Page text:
Does the writer forget that the genesis of the power subsidies lies in the Green Revolution and the contemporaneous urgency to become self sufficient in food?
Mismanaged state electiricity boards are a symptom of the larger malaise of looting the public exchequer by the bureaucracy and the political class and at the very least, an outcome of a complete indifference to the principles that govern our micro level, household level economics. Lets not wrongly label them an  'RRE" outcome?
Given the choice,training and support, at least 1 crore farmers have shifted in AP to organic farming which is far, far less water intensive (and therefore far, far less power intensive). What stops the govt from replicating the model? Is it the fear that organic farming will deal a death blow to companies profiteering from fertilisers and pesticides ,including by diversion of  farm fertilisers to industrial use??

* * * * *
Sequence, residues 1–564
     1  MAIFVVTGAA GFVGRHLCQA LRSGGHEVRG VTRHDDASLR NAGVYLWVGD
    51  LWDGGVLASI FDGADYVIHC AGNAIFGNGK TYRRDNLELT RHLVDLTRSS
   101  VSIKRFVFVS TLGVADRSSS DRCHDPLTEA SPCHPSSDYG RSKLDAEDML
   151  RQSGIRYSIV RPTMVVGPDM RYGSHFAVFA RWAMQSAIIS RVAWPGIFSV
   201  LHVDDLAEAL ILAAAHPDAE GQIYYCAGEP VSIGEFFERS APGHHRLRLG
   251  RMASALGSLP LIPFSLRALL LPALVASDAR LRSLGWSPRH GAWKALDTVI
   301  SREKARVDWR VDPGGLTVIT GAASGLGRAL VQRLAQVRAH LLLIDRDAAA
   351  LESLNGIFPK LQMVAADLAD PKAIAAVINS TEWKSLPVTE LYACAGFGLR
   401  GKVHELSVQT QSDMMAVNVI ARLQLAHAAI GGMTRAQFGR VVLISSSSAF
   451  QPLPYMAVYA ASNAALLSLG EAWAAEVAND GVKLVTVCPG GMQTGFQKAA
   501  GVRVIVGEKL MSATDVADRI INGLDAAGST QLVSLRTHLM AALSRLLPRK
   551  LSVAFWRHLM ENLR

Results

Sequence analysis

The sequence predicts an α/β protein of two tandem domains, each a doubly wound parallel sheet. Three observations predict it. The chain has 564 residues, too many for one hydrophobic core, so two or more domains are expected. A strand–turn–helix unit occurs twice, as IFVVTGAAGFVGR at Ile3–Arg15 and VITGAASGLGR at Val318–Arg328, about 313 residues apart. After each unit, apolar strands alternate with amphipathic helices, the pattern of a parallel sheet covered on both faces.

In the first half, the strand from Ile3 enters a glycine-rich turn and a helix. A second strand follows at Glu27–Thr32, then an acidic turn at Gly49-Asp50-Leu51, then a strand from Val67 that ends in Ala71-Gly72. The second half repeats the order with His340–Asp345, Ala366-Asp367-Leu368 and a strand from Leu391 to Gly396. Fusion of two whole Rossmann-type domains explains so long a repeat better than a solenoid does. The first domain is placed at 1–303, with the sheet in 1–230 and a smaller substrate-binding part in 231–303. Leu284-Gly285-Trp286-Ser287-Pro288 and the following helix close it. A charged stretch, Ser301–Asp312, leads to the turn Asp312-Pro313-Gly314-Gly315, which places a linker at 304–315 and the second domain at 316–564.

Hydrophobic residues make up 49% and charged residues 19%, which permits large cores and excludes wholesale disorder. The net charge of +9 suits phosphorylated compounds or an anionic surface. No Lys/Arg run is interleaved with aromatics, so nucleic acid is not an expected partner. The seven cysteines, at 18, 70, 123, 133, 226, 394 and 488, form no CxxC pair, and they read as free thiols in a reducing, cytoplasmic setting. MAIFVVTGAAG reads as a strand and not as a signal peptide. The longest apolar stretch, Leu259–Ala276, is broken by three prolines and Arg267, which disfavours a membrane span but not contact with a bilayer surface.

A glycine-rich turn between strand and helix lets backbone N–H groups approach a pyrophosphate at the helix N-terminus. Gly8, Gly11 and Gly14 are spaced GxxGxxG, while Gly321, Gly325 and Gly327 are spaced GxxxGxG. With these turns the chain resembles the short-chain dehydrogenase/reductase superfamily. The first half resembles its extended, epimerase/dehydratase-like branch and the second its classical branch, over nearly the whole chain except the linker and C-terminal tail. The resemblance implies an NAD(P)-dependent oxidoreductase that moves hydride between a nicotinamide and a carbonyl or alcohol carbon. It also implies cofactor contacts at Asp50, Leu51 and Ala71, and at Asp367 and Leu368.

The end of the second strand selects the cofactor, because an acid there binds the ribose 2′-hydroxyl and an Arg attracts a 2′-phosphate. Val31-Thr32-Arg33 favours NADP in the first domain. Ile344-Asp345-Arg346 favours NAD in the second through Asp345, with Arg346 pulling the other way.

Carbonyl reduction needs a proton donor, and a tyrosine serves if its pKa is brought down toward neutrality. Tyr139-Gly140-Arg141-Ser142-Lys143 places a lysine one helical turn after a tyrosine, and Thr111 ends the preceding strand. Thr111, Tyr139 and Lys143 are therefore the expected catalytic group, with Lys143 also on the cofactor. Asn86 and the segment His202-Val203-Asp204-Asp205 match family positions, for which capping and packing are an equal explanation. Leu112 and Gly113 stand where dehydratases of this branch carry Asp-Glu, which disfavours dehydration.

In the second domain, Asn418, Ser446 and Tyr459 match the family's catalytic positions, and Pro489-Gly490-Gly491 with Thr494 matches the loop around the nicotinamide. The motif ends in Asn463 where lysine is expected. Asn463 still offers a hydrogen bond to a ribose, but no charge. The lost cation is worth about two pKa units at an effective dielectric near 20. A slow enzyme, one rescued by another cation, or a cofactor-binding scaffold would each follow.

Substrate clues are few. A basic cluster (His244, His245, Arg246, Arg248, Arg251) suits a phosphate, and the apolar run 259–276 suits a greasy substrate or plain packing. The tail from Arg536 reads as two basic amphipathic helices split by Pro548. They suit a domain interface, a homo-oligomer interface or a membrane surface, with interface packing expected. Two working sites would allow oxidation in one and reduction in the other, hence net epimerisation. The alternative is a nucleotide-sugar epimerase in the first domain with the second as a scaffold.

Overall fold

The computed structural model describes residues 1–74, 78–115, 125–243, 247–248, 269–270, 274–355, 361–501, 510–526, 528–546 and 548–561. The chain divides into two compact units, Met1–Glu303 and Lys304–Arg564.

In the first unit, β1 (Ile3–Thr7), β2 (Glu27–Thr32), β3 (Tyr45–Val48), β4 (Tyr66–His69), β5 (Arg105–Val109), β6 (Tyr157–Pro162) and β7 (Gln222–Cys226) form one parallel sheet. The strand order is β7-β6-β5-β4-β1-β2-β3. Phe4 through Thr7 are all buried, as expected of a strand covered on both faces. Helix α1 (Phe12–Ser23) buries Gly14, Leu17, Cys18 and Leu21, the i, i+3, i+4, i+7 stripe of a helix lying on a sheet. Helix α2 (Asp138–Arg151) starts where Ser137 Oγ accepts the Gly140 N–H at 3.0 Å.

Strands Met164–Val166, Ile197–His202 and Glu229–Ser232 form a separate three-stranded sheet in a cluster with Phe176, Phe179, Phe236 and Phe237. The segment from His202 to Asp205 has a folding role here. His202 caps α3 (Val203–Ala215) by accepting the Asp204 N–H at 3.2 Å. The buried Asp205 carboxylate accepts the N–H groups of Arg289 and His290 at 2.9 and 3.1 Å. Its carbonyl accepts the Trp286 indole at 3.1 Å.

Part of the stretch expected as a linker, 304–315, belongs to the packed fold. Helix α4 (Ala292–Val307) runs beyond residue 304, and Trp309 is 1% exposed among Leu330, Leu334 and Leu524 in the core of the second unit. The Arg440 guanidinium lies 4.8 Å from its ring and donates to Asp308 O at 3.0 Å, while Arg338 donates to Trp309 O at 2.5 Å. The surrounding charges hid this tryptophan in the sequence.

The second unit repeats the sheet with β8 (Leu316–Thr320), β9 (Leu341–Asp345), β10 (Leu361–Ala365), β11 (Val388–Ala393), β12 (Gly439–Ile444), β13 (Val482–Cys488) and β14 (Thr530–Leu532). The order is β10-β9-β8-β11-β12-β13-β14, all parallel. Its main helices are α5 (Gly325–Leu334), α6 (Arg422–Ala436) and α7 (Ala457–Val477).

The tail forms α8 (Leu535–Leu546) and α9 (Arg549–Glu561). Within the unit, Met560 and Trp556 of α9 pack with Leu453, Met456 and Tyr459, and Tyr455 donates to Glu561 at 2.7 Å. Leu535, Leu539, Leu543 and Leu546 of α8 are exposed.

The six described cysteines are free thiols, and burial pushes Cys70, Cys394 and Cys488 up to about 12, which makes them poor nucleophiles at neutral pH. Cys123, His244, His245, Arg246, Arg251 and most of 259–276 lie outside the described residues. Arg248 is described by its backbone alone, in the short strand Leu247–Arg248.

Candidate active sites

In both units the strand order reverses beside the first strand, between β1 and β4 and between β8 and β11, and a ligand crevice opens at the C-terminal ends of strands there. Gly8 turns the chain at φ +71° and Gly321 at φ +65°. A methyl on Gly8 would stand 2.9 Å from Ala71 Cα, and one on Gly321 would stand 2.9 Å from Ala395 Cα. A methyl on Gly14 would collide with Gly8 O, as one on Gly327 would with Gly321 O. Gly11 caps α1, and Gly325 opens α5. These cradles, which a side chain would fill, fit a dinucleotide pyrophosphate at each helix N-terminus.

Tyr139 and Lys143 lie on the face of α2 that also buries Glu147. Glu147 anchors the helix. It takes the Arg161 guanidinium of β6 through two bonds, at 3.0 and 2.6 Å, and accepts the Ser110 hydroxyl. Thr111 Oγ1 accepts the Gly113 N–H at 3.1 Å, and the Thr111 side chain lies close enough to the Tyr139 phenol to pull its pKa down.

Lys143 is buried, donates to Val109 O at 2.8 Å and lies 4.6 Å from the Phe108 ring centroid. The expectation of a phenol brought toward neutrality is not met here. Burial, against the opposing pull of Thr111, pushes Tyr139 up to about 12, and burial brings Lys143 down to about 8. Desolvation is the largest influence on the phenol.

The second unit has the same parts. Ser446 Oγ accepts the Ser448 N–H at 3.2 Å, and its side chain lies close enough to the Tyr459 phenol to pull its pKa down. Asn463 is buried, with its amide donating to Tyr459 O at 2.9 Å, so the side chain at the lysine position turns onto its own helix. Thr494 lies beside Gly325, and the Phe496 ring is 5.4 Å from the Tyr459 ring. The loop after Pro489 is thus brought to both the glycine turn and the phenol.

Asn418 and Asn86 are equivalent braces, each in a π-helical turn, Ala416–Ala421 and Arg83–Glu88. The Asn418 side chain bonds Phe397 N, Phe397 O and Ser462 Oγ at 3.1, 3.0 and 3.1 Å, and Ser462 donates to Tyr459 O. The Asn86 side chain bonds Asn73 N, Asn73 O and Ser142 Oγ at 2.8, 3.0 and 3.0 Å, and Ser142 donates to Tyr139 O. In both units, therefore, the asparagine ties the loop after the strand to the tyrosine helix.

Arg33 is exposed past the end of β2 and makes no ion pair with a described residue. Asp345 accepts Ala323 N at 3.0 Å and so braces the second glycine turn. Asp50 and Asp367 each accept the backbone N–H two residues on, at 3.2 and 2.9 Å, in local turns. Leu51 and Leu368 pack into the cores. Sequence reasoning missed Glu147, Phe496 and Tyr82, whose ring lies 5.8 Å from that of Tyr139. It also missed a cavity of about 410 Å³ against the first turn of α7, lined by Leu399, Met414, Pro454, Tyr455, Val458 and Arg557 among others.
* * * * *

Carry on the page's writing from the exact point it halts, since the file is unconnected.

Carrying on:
The diesel subsidy hugely benefits the middle class, and there's a brouhaha whenever the govt talks of dismantling it. Is that also a part of the RRE syndrome?  

Now, politicians promising subsidised power for electoral reasons is understandable. That is part of the hurly-burly of grubby politics. But intellectuals providing legitimacy to these policies is another matter. Intellectuals on the Left cannot expect to be exonerated on the grounds that they have not explicitly advocated subsidised power. After all, if there is a right to cheap food and education why isn't there one also to basic energy needs and hence to subsidised power for the poor? And this is not a slippery slope argument - because India has slipped already, finding itself at the slope's bottom which is the shambolic mess that is the power sector in India.